by Patricia Grandjean
Nov 24, 2010
10:16 AMBox Office
Happy Thanksgiving from Mark Twain
In keeping—sort of—with this week's holiday spirit, we thought we'd offer this excerpt from the just published Autobiography of Mark Twain, Volume 1 (University of California Press; $34.95)—the first in an projected series of three volumes that will present the complete, authoritative and uncensored life account by this American Master (and Connecticut icon) on the centennial of his death.
In January 1906, after reflecting on a speech he gave at an 1877 dinner hosted by the publishers of Atlantic Monthly—celebrating the 70th birthday of New England abolitionist and author John Greenleaf Whittier—Twain turns to the subject of his own 70th, which had fallen on Nov. 30, 1905. As that date happened to coincide with Thanksgiving, any public observance of Twain's birthday—particularly the one planned by his publisher, George Brinton McClellan Harvey, president of Harper and Brothers and editor of Harper's Weekly—had to be pushed aside. It should be noted that at the turn of the 20th century, Thanksgiving (as decreed by former President Abraham Lincoln and his successors) was typically celebrated the last Thursday of every November—it was not definitively established as the fourth Thursday of the month until Congress passed legislation on the matter in 1941.
As you will read, Twain was less than sanguine about this state of affairs:
"This talk about Mr. Whittier's seventieth birthday reminds me that my own seventieth arrived recently—that is to say, it arrived on the 30th of November, but Colonel Harvey was not able to celebrate it on that date because that date had been preempted by the President to be used as Thanksgiving Day, a function which originated in New England two or three centuries ago when those people recognized that they really had something to be thankful for—annually, not oftener—if they had succeeded in exterminating their neighbors, the Indians, during the previous twelve months instead of getting exterminated by their neighbors the Indians. Thanksgiving Day became a habit, for the reason that in the course of time, as the years drifted on, it was perceived that the exterminating had ceased to be mutual and was all on the white man's side, consequently on the Lord's side, consequently it was proper to thank the Lord for it and extend the usual annual compliments. The original reason for a Thanksgiving Day has long ago ceased to exist—the Indians have long ago been comprehensively and satisfactorily exterminated and the account closed with Heaven, with thanks due. But, from old habit, Thanksgiving Day has remained with us, and every year the President of the United States and the Governors of all the several states and the territories set themselves the task, every November, to advertise for something to be thankful for, and then they put those thanks into a few crisp and reverent phrases, in the form of a Proclamation, and this is read from all the pulpits in the land, the national conscience is wiped clean with one swipe, and sin is resumed at the old stand.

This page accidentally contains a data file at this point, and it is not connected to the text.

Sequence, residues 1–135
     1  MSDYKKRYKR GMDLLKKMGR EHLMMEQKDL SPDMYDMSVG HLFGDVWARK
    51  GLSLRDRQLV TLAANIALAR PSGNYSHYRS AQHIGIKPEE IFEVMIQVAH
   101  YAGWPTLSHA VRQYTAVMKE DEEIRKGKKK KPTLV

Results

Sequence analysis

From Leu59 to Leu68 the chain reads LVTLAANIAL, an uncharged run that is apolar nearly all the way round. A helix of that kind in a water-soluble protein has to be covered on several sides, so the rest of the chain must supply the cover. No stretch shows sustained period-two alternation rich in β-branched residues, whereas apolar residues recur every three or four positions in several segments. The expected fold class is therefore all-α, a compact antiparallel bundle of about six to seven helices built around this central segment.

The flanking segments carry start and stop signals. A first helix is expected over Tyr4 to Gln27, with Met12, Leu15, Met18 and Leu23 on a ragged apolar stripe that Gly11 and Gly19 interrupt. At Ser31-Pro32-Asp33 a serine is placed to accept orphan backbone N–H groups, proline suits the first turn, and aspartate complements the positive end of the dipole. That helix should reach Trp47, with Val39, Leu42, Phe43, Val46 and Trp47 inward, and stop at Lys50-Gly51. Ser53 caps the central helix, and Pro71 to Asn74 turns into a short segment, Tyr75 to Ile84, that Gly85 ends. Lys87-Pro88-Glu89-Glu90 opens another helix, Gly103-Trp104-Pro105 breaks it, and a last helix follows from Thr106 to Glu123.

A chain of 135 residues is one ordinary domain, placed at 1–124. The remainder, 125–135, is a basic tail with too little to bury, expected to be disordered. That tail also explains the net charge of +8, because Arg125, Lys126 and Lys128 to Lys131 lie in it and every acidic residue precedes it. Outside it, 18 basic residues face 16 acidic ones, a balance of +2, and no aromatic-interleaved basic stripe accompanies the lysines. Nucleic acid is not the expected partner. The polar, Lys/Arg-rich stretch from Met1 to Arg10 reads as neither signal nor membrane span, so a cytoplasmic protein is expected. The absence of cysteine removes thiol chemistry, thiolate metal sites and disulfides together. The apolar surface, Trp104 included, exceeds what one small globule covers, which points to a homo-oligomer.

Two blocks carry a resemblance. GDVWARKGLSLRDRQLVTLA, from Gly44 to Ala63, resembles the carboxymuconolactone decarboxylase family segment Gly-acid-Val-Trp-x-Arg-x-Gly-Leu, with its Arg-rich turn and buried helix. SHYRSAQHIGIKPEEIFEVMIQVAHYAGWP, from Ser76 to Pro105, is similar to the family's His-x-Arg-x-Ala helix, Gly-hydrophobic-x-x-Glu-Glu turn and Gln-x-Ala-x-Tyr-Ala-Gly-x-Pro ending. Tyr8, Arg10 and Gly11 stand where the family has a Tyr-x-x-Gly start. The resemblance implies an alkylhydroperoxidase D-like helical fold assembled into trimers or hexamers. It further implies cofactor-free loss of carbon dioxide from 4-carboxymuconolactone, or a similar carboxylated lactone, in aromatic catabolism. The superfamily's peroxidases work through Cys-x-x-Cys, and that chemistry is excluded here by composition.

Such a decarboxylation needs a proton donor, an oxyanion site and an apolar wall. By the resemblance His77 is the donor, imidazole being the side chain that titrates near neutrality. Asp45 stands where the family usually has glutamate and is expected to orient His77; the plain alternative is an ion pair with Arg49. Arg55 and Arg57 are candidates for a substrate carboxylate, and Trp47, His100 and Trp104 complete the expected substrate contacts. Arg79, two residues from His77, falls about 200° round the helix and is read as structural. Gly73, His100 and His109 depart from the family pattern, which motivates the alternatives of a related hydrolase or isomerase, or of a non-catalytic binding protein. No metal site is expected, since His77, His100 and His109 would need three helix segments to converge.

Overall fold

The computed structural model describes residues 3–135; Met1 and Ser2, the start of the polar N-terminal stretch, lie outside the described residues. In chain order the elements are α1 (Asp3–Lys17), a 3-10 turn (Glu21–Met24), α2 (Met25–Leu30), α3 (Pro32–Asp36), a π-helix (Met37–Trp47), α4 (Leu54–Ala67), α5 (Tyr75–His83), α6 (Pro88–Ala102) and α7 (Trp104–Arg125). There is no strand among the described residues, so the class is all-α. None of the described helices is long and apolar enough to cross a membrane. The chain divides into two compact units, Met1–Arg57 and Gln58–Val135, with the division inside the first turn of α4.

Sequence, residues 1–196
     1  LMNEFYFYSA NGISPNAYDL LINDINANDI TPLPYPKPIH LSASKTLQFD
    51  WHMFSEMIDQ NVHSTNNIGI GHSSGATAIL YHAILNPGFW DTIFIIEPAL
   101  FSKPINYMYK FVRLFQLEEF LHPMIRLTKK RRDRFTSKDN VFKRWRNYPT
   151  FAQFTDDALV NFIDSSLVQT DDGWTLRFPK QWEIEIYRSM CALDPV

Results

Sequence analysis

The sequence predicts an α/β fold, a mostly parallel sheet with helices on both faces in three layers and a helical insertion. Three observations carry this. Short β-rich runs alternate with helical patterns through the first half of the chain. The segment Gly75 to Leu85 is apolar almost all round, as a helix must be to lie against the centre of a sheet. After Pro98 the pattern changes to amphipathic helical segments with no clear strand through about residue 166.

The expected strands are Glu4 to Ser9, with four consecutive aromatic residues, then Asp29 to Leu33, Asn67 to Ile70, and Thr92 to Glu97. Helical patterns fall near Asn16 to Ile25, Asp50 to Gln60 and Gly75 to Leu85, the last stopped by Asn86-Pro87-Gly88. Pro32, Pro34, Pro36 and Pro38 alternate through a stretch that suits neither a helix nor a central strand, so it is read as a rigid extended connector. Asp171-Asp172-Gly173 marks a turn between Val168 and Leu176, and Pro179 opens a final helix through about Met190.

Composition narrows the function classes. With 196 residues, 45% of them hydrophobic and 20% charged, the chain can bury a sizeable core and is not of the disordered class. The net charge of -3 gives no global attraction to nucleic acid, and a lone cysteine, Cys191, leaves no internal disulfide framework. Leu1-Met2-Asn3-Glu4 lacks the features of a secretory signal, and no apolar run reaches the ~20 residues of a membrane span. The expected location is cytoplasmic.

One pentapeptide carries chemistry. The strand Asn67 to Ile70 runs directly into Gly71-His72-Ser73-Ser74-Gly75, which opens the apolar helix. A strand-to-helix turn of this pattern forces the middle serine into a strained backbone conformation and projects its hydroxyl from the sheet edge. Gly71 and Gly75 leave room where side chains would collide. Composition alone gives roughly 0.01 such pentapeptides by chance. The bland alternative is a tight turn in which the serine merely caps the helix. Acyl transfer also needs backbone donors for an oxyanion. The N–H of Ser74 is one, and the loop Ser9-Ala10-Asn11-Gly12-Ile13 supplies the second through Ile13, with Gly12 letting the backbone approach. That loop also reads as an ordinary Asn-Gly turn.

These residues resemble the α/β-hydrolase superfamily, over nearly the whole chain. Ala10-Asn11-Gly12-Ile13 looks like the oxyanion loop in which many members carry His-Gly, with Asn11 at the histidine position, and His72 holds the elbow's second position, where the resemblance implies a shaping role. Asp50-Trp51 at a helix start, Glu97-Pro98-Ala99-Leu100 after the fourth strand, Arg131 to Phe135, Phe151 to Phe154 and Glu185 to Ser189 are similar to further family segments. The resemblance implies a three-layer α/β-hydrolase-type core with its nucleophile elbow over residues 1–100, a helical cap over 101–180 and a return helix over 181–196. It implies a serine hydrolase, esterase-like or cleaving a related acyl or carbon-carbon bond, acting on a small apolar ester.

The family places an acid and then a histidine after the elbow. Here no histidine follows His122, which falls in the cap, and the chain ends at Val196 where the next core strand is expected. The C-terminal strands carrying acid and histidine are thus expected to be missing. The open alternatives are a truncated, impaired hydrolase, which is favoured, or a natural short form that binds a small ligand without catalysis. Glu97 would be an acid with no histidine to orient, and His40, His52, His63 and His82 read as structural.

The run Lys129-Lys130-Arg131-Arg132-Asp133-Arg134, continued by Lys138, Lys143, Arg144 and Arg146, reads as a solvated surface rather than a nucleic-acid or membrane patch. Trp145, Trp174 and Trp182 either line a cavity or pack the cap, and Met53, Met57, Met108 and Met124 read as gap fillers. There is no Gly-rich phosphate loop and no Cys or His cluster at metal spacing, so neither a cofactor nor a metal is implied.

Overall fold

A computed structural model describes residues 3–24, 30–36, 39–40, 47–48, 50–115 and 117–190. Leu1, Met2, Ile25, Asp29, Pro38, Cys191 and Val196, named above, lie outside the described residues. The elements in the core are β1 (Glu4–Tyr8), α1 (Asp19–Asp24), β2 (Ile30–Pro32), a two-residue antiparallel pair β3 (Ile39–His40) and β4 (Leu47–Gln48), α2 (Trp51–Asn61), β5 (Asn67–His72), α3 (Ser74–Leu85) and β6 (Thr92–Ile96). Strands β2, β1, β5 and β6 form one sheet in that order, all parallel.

"The president and the Governors had to have my birthday—the 30th—for Thanksgiving Day, and this was a great inconvenience to Colonel Harvey, who had made much preparation for a banquet to be given to me on that day in celebration of the fact that it marked my seventieth escape from the gallows, according to his idea—a fact which he regarded with favor and contemplated with pleasure, because he is my publisher and commercially interested. He went to Washington to try to get the President to select another day for the national Thanksgiving, and I furnished him with arguments to use which I thought persuasive and convincing, arguments which ought to persuade him even to put off Thanksgiving Day a whole year—on the ground that nothing had happened during the previous twelvemonth except several vicious and inexcusable wars, and King Leopold of Belgium's usual annual slaughters and robberies in the Congo State, together with the Insurance revelations in New York, which seemed to establish the fact that if there was an honest man left in the United States, there was only one, and we wanted to celebrate his seventieth birthday. But the Colonel came back unsuccessful, and put my birthday celebration off to the 5th of December."
We have to admit, we're grateful that there was once an American writer with the stature (and effrontery) to claim that a national holiday should be changed in his honor.
May all our readers have much to be grateful for this Thanksgiving.Happy Thanksgiving from Mark Twain